This new frame is an embroidery technique called Crewel work. Crewel work is one of the earliest forms of surface stitching and is worked with crewel wool onto linen. The Jacobean design taught here goes as far back as the 17th century and was influenced by the exotic flora and faunas found on Indian imported chintzes. Another popular design with Jacobean crewel work is quirky insects and animals which were added to the ‘Tree of Life’ foliage design. Compared to canvas work and blackwork, crewel work is not based on a counting technique and is, therefore, more freestyle. What I loved the most with this very traditional technique, is experimenting with the different threads and fabrics to give it a more modern approach. I knew from the start, that I didn’t want to follow the traditional design of Jacobean crewel work and I think exploring each stitch in a modern approach, opened up a lot more design possibilities. My final design was the shell, which was a design taken from one of my art sketchbooks. I chose the shell as it went against the typical floral designs however still gave me a lot of areas in which I could show a variety […]
Finally, here is my finished Blackwork frame! Blackwork is a technique that dates back in English history to the Tudor times. It was used in England on clothing as a very decorative stitch around cuffs and hems; and it also served a purpose of reinforcing the shape. It has a delicate lace look which is why it was often used as an alternate option to expensive lace. Like canvas work, Black work is a counted technique and is traditionally worked with black silk onto white linen. Modern designs however now incorporate coloured threads and fabrics which can change its effect quite dramatically. This technique is possibly one of my favourites, I love the detailed and delicate look it has to it. It also for me looks more aesthetically pleasing than the other techniques I have been doing. I also enjoyed sewing it the most, but then again, that could have been from the cheerful christmas spirit I was surrounded by at the time. My shoe design on the right hand side is based on my alter ego shoe project I did last term. I wanted it to be more of a decorative design instead of an exact representation of a shoe. With this design I found […]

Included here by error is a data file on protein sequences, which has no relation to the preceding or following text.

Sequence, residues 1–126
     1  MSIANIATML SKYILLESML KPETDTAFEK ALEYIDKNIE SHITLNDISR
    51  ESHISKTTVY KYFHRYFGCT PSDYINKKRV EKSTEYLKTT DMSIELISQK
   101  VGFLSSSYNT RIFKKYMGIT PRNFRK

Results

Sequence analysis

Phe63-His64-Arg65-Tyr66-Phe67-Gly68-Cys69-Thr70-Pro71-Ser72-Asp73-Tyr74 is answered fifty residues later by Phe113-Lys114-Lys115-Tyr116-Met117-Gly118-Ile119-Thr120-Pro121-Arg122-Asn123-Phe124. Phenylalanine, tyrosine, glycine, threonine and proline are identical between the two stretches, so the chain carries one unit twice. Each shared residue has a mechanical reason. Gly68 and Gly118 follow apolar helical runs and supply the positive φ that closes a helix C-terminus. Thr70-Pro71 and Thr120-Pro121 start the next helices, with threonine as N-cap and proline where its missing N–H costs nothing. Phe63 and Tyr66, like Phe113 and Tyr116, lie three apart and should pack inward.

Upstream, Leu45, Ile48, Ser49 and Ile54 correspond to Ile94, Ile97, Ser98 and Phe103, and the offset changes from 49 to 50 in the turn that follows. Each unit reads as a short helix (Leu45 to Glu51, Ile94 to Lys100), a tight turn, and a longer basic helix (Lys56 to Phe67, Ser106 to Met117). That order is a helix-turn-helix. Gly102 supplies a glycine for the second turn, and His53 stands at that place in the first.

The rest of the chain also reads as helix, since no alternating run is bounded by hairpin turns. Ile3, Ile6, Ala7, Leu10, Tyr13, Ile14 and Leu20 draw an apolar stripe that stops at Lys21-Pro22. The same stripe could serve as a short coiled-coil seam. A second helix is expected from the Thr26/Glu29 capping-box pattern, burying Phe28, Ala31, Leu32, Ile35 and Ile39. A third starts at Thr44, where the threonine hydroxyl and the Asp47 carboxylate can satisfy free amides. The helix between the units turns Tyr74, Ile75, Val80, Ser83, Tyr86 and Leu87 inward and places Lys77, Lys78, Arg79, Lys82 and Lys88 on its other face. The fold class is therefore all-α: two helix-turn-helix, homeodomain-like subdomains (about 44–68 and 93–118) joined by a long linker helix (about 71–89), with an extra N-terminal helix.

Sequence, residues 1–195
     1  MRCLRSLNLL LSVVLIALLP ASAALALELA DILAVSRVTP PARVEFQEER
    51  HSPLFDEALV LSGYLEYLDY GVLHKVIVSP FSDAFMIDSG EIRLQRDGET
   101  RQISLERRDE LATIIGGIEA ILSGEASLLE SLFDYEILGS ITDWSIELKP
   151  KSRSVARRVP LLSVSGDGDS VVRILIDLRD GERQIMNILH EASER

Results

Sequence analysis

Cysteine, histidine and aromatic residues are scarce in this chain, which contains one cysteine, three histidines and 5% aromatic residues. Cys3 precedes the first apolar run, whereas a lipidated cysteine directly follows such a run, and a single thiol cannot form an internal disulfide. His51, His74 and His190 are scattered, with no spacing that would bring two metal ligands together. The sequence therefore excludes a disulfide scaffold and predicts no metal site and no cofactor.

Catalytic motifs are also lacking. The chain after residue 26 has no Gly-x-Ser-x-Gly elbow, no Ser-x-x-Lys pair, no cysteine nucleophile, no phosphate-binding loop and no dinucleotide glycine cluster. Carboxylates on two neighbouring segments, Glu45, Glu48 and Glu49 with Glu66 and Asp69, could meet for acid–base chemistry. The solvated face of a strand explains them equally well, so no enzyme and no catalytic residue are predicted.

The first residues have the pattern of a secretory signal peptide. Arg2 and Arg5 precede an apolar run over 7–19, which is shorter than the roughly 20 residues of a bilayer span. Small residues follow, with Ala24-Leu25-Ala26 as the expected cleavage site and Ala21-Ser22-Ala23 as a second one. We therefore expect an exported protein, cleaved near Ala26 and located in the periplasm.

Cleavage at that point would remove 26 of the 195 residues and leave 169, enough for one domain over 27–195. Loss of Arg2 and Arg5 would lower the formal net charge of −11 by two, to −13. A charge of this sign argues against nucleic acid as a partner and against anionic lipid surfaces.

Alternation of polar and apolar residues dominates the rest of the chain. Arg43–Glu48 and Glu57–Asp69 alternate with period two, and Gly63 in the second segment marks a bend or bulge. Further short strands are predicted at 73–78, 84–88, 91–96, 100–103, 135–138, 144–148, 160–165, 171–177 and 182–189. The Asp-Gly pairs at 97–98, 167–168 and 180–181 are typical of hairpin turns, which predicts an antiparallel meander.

My fashion project is nearly over! I am currently making my final sample pieces. I decided to make a bunch of floral motifs with abstract surface decoration that I experimented with a few weeks ago. So far they are just painted, but the next step is to decorate them with fabric and gold embroidery. I am then going to appliqué them, hopefully 3 dimensionally, onto a vintage garment or a skirt panel.